Like many Werner H. Kirsten student interns, Allison Kang didn’t know what to expect when she made the transition from the carefully managed environment of her high school science labs to a professional cancer lab at one of the nation’s premier research facilities. Kang had just finished her junior year at Urbana High School when she began working in the Neutrophil Monitoring Laboratory under Debbie Long Priel and Doug Kuhns, Ph.D. And it didn’t take long for her to realize that there were big differences between her school’s A.P. Biology lab and a working scientific research lab.
The NCI at Frederick Scientific Publications Database added 205 publications by NCI at Frederick researchers between April 1 and June 30, 2020.
For foreign fellows transitioning to life in the United States, NCI at Frederick employees are an integral resource. As citizens or residents of the country and the Frederick community, they represent valuable sources of information, emotional support, and scientific guidance. It’s true that the training staff fill many of these roles, but all staff can play a part in welcoming and helping foreign fellows. To help employees and principal investigators who work with new foreign fellows, current NCI at Frederick fellows and staff have offered the following tips.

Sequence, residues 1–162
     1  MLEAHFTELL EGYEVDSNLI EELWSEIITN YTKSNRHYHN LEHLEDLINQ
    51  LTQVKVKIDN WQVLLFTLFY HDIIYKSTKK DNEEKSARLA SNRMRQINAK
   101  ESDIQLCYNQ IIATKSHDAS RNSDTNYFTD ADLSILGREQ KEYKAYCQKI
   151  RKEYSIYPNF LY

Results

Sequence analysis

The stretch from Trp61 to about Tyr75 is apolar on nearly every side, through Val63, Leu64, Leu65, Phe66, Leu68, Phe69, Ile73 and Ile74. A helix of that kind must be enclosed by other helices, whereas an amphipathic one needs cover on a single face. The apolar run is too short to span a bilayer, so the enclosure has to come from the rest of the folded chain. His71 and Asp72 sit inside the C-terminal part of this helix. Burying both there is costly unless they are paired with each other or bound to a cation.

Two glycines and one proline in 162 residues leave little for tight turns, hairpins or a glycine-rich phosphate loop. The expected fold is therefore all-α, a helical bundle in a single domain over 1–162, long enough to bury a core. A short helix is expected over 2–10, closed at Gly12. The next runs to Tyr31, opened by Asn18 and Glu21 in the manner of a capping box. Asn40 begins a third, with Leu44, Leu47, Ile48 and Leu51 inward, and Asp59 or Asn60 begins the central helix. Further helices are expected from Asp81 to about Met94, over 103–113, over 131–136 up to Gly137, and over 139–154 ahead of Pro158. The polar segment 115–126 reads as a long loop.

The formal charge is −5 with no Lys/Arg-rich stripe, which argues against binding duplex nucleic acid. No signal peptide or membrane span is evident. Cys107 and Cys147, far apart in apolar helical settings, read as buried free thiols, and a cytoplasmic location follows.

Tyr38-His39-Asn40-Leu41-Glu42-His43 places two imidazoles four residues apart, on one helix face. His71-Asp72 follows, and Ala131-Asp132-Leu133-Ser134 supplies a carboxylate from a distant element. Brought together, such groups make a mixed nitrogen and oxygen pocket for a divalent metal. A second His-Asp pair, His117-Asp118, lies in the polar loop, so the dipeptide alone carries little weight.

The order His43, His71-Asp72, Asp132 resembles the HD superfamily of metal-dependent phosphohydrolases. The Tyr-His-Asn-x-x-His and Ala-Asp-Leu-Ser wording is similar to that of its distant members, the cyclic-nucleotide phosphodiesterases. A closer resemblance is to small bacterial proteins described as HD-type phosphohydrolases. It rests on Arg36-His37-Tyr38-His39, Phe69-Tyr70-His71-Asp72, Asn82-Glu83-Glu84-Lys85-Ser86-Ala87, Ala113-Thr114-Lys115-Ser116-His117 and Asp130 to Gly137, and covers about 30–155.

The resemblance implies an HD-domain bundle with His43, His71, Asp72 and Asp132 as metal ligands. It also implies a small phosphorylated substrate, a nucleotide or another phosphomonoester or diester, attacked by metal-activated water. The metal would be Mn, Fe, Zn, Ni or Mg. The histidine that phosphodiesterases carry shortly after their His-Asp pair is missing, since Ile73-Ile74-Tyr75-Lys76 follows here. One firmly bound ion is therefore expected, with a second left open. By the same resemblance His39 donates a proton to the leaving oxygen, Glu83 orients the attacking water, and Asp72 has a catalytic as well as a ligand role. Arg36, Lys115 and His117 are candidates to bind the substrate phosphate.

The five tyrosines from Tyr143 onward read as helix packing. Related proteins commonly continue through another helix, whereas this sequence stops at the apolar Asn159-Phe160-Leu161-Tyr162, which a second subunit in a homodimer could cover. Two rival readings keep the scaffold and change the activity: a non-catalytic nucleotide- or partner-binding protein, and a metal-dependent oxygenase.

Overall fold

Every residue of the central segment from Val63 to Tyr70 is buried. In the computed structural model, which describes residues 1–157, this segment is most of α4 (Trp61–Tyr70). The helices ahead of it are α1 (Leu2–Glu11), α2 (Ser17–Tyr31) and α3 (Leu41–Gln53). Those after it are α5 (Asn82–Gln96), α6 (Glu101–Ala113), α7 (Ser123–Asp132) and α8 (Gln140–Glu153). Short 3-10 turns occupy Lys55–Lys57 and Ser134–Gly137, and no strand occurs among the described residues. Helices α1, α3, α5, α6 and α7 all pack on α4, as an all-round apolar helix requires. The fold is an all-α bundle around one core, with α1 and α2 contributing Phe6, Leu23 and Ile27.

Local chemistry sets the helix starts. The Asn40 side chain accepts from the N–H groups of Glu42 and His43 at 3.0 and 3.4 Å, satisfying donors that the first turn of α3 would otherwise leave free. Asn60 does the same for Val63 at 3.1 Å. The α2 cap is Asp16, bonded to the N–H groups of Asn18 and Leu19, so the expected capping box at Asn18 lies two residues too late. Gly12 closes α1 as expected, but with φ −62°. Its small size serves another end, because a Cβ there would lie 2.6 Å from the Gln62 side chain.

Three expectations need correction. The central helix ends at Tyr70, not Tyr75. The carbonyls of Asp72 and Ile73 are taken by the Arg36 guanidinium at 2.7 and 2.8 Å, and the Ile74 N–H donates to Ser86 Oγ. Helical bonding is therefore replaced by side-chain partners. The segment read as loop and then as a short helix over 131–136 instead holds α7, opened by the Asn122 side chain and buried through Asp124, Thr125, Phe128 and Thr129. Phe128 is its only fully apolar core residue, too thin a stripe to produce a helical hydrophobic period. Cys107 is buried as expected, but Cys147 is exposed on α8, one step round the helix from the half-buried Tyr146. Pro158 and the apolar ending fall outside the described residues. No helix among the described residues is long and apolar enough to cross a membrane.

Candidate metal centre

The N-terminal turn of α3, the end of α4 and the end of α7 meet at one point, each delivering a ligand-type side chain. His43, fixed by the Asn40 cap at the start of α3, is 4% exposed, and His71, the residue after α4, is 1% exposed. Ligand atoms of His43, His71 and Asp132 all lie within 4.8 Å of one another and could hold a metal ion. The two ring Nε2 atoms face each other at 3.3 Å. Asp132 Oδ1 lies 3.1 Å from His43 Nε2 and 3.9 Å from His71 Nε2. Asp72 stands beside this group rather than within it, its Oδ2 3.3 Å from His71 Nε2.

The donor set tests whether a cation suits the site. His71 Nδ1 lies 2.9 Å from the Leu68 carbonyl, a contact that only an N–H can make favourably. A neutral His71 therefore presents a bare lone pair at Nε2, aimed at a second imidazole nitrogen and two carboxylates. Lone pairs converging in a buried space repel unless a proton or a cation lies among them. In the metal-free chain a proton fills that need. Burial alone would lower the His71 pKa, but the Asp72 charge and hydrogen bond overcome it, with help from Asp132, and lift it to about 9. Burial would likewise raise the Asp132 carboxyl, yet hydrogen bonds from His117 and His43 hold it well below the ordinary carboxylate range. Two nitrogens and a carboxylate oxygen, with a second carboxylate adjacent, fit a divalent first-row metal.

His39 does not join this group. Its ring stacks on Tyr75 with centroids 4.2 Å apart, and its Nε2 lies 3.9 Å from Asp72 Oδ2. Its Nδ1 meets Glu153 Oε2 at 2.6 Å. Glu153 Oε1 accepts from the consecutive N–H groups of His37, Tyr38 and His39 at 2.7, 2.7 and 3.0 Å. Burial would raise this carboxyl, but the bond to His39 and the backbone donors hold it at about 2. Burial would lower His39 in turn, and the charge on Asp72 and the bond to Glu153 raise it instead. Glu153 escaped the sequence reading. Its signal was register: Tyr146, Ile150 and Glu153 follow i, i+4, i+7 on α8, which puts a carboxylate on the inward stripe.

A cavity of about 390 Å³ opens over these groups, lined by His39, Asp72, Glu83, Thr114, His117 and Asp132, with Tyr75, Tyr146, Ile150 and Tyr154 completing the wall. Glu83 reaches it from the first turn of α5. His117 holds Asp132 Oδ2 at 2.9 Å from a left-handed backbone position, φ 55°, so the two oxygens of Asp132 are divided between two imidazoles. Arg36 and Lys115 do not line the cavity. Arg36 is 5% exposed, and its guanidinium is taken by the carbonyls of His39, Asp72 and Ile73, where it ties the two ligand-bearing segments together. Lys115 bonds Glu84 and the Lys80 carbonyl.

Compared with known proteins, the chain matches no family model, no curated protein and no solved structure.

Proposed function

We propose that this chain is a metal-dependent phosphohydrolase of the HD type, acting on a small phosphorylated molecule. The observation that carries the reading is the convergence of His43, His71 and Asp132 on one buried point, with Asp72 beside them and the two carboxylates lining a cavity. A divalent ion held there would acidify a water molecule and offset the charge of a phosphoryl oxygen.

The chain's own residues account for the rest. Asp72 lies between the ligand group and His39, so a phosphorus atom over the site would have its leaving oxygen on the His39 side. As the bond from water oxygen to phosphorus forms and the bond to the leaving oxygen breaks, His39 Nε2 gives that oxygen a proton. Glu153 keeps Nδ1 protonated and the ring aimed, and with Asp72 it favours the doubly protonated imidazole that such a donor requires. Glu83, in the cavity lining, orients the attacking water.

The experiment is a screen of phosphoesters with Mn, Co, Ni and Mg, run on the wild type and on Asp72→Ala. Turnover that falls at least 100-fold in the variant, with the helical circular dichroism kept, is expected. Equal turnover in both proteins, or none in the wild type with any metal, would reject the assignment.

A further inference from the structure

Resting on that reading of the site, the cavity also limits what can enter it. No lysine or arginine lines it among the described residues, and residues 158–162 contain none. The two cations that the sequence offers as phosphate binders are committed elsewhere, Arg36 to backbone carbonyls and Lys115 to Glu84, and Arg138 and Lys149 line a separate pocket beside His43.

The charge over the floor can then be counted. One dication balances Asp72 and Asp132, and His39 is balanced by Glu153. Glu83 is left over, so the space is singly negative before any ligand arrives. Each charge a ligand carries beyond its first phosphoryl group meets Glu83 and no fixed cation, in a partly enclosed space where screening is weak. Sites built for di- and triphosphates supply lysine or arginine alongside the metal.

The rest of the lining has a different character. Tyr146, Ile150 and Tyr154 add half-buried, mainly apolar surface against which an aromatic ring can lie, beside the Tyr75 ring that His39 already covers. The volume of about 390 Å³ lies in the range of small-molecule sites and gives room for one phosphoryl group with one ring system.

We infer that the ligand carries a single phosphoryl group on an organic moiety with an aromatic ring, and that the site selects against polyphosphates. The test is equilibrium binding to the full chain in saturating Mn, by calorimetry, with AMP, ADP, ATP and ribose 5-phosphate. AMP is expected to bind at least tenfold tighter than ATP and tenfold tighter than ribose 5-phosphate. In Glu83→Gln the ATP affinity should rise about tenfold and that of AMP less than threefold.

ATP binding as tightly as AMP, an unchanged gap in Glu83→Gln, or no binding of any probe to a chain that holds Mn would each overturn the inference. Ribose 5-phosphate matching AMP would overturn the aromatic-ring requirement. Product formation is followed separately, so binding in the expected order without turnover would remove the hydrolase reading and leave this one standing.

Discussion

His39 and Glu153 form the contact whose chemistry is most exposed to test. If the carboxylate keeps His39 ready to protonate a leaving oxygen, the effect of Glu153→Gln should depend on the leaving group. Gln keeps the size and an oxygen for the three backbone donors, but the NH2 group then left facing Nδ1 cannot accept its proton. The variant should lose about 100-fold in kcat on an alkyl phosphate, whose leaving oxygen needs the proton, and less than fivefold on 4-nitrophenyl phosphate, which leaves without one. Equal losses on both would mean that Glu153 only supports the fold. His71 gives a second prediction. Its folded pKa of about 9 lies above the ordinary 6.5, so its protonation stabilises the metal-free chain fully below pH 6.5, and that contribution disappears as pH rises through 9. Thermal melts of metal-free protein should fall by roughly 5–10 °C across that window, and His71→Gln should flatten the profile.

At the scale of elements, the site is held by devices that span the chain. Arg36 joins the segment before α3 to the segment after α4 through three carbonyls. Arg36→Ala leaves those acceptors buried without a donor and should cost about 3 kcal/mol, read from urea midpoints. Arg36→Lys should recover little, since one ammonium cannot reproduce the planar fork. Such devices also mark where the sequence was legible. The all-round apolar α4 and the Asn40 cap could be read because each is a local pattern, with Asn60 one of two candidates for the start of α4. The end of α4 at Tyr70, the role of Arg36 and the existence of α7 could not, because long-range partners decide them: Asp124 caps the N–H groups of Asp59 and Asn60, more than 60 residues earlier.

Moving to a new place can be difficult, especially for young scientists coming to the U.S. for fellowships. There are the usual challenges of long-distance travel, adjusting to a new locale, and—in some cases—becoming proficient in another language. On top of that, there’s the added pressure to settle in and begin working as soon as possible. To help incoming and recently arrived fellows, current NCI at Frederick fellows and staff have offered the following advice.
Sharing a lab with another team may sound like an inconvenience to some, like the professional equivalent of sharing a bedroom with a sibling. But not for Alex Compton, Ph.D.; Alan Rein, Ph.D.; and their colleagues. In their case, sharing a lab led to a rich collaboration, mentoring opportunities, and a study that uncovered facets of how cells interact with viruses.